An era ended, on Tuesday, Oct. 12, when Preservation Hall bandleader John Brunious died after more than two decades heading the group. A pioneering member of the world-famous jazz ensemble, the trumpeter and pianist led the group for nearly half its career, playing for audiences that have included U.S. presidents, British royalty and new generations of fans at the Bonnaroo Festival and Voodoo Music Experience. Born in New Orleans' Seventh Ward, Brunious grew up steeped in the musical atmosphere of New Orleans. He learned to play both from his father, John Brunious Sr., a respected traditional trumpeter, composer and arranger and also from playing along to the hot new records coming out from artists like Dizzy Gillespie and Maynard Ferguson. Brunious' flashy, high-note solos earned him spots playing with the R&B great Clyde McPhatter and legendary jazz drummer Paul Barbarin.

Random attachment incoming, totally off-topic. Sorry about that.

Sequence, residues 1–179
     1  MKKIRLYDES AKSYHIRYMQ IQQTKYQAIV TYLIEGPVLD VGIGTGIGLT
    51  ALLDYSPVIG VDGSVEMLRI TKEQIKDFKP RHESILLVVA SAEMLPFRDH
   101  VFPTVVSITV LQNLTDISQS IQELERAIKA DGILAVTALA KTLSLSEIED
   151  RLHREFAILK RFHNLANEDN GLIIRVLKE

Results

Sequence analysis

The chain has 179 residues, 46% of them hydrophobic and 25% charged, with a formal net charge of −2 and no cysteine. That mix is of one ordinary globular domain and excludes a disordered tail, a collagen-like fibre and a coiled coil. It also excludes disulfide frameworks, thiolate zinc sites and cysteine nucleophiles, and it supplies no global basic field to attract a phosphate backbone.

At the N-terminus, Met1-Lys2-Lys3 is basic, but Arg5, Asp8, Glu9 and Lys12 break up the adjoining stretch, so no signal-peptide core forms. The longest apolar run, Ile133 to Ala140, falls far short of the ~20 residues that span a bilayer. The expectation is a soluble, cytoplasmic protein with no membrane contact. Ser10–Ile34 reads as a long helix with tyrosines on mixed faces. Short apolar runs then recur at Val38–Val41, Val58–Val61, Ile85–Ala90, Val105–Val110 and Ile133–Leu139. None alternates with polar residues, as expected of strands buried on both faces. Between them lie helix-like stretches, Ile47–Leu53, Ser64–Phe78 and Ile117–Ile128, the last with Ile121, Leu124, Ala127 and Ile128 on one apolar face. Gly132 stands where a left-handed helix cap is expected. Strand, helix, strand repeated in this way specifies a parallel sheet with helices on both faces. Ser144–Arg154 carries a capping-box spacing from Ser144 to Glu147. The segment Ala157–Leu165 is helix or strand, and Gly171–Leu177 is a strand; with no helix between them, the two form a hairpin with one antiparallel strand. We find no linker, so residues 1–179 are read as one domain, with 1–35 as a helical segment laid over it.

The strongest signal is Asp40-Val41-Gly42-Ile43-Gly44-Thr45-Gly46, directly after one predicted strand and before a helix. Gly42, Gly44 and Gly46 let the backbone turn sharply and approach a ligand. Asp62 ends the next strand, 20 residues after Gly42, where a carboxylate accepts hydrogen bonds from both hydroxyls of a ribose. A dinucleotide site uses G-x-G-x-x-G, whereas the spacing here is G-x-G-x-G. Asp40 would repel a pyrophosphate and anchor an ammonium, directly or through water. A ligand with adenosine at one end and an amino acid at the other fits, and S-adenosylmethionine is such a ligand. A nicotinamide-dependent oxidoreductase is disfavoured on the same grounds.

During Hurricane Katrina, Brunious literally fought for his life in the floodwaters that ravaged his neighborhood. Although he received several new horns from fans and friends after the storm, he continued to play his original trumpet, which was pulled from the wreckage of his flooded home and repaired.
"John Brunious was living history," says Preservation Hall Creative Director Ben Jaffe. One of the last things John told me was, "There's another Louis Armstrong somewhere out there in New Orleans. I'm going to find them and teach them all I got.' It's now in our hands to carry on his message and legacy the way he carried the torch for so many years."